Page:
6. Divert rainwater from the septic tank drainfield: Water saturation is extremely damaging to drain fields in septic systems. This is because, when a drain field is too saturated, it’s unable to effectively handle liquid waste. Heavy rainfall is the main culprit for flooding commercial septic tanks and drain fields. Luckily, you can avoid this by having a drainage system where the gutters are designed to lead rainwater away from the tank.

7. Keep away cars from the drainfield: Do not allow car parking in the area that surrounds your commercial septic system. Not only will this reduce the risk of accidental damage or crashes, it will also preserve the soil around the septic tank, which should always be covered by lawn grass. This is because grass improves oxygen exchange, which feeds the bacteria working in and around your system.

Commercial Septic System Maintenance Tips

A commercial septic tank system works similarly to residential septic tanks: it’s a hygienic way of containing organic, human waste, and facilitating its decomposition. The wastewater from septic tanks then flows into the drainfield, where bacteria further digest the organic impurities before the water is absorbed by the soil or gravel surrounding the septic tank.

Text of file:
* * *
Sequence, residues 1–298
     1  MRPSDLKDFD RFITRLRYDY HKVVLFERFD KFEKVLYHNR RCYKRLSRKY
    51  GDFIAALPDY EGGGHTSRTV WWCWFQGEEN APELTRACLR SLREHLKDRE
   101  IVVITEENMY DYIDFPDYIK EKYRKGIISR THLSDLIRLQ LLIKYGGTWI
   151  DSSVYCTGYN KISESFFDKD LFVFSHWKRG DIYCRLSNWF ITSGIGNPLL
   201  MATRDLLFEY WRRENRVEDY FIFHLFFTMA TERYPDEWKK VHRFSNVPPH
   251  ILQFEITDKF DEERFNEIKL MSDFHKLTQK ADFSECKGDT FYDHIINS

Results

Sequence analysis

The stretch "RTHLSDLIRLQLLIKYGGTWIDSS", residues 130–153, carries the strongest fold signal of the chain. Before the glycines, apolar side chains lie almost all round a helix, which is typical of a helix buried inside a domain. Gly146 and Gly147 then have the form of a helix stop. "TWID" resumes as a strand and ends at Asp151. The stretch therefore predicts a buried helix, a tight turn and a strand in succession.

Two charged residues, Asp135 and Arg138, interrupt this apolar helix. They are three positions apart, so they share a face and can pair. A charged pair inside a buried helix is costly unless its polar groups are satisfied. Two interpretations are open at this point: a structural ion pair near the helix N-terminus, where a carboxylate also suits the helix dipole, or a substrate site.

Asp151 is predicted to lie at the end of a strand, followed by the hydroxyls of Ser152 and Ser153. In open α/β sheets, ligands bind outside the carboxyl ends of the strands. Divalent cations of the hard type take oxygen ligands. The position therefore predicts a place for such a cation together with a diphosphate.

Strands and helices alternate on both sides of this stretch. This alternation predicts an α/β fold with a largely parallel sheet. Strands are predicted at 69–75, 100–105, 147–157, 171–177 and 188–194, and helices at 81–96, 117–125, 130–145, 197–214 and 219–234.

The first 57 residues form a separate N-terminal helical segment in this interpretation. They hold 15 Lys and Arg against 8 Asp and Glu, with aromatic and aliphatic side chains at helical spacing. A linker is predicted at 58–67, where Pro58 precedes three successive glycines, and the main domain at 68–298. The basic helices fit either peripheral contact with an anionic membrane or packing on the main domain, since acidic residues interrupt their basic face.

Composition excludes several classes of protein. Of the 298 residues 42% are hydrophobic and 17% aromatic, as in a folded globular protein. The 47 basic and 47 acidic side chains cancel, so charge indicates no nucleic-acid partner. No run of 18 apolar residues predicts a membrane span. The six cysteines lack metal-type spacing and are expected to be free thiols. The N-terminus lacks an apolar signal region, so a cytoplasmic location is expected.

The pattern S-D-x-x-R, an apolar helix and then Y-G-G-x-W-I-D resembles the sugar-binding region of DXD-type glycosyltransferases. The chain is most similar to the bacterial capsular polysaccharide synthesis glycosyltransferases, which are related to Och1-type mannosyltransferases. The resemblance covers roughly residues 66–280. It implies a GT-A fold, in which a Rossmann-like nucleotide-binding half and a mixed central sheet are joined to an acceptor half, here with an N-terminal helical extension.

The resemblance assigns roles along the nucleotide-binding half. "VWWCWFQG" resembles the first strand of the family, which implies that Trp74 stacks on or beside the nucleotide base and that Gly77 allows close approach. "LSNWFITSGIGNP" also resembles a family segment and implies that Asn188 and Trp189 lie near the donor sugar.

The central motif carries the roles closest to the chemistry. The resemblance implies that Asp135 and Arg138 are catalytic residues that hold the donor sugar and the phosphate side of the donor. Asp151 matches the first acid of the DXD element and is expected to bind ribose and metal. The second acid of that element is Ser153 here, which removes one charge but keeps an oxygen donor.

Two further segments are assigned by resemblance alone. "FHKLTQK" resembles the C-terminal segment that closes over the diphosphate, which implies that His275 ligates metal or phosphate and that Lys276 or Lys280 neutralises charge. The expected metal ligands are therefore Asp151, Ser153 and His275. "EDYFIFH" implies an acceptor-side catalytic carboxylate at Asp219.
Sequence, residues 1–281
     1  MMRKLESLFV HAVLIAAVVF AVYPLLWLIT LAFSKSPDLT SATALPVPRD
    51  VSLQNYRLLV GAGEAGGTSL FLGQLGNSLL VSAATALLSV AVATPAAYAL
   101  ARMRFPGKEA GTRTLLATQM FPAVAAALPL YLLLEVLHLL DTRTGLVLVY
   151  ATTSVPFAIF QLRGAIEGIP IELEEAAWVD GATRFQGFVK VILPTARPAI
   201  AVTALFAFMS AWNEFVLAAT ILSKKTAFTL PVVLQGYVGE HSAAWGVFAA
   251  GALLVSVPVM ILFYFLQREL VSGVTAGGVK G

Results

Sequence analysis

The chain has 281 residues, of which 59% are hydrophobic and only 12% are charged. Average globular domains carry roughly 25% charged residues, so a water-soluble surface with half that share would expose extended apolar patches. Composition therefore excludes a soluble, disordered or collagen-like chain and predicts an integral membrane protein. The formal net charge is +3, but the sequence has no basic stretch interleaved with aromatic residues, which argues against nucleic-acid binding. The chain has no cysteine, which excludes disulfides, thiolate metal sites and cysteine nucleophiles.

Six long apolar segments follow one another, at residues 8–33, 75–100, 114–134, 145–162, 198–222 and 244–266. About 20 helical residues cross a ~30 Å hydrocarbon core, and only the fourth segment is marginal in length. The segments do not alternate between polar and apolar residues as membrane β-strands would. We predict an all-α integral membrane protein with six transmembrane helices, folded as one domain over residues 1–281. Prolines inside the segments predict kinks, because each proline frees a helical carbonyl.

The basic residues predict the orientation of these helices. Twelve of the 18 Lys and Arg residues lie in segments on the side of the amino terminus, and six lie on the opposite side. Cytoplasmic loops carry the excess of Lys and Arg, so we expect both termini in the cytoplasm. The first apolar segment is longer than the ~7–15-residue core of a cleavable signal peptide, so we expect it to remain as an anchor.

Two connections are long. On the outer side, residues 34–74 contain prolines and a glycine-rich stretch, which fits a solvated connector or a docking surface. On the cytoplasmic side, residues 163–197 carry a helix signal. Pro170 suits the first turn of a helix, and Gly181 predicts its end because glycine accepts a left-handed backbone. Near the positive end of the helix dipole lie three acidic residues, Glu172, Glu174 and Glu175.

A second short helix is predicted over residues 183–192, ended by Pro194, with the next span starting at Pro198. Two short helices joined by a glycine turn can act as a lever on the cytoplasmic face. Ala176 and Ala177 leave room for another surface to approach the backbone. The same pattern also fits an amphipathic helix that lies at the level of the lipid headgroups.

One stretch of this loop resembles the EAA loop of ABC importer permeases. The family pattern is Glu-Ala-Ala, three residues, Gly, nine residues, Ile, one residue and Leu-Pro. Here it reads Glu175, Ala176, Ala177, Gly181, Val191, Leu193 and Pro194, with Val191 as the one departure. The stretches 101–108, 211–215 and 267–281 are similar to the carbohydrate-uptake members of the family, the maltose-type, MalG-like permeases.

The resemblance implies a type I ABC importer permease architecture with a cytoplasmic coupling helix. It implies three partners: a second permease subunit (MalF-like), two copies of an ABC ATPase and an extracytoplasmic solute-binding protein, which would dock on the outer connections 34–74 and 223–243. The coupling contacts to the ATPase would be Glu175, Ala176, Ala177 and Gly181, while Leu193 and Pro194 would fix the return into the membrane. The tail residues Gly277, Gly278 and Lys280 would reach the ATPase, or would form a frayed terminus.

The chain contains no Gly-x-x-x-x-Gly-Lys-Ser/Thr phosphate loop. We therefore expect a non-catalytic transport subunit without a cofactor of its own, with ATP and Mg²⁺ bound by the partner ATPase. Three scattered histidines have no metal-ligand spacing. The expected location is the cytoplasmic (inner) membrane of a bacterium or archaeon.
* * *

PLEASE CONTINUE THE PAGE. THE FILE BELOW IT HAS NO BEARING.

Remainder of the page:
The main difference between residential and commercial septic systems is the volume capacity. This leads us on to our first tip: if you have a large commercial building or store, you may need to install a water pump system in order to handle larger volumes. 

It’s also essential that you understand how your septic tank system works, so you’re able to troubleshoot it. Your employees should at least know which valves to open or close when there is a plumbing emergency, and, as we mentioned earlier, it’s crucial that you have a copy of the system’s diagram to hand in case any repairs are needed.

If you have a commercial septic system, our most important tip is to schedule a maintenance inspection at least once a year. This will help prevent problems from overflows to clogged drain fields. 

If you’re in the Kansas City metro area and would like to chat about your commercial septic system, contact us today for your customized quote.